Daniel P. Rivera
The graphic novel strategically uses ridiculous scenarios as a lens through which to observe a type of daily life that makes the normal feel peculiar and the peculiar feel normal. In a matter-of-fact style, DeForge imbues the book’s strange anecdotes with unexpected depth.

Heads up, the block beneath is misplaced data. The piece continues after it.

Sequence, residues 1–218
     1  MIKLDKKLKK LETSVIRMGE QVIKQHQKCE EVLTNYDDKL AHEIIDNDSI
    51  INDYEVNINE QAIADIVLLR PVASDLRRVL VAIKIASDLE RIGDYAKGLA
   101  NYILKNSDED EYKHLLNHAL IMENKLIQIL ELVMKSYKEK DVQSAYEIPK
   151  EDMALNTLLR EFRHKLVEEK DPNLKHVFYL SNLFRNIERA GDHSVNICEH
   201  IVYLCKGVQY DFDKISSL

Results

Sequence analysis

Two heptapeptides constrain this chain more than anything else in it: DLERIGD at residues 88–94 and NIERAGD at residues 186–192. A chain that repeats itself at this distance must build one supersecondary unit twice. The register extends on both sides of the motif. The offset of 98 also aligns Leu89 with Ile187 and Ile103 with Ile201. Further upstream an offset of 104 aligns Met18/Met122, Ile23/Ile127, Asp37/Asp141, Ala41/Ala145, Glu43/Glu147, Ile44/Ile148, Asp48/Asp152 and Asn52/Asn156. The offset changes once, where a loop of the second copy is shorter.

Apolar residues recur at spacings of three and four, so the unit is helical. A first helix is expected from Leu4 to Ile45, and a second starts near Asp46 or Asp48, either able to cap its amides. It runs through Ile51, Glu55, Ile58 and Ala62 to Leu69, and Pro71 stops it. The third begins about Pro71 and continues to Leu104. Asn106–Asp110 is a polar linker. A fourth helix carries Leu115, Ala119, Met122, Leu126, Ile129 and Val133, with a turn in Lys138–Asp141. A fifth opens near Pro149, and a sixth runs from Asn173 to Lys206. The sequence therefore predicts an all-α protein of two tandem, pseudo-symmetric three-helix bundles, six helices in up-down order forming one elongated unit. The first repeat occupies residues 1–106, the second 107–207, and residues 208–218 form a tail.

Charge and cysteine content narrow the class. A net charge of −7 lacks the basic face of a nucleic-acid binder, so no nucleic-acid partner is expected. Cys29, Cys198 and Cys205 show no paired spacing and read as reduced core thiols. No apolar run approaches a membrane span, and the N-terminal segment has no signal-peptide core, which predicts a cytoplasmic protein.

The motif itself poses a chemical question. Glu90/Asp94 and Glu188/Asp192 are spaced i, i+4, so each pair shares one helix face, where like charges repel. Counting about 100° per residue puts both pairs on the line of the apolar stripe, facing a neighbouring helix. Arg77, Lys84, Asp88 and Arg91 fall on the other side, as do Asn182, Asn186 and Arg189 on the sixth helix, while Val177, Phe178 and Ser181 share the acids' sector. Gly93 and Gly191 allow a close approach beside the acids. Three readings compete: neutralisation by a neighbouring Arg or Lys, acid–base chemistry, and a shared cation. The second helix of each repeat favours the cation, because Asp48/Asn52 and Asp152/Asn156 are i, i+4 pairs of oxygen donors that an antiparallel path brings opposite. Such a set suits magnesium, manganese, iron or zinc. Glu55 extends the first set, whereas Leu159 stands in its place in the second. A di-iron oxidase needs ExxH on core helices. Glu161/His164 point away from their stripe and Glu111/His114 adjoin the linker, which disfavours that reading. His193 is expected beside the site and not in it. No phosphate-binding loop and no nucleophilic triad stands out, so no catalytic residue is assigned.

“Get Out” is certainly a refreshing twist on movies that address racism. The panel of white actors and actresses separate themselves from Chris, but not in the stereotypical way. He is not looked down upon, but rather is insulted by being observed and admired as some sort of trophy.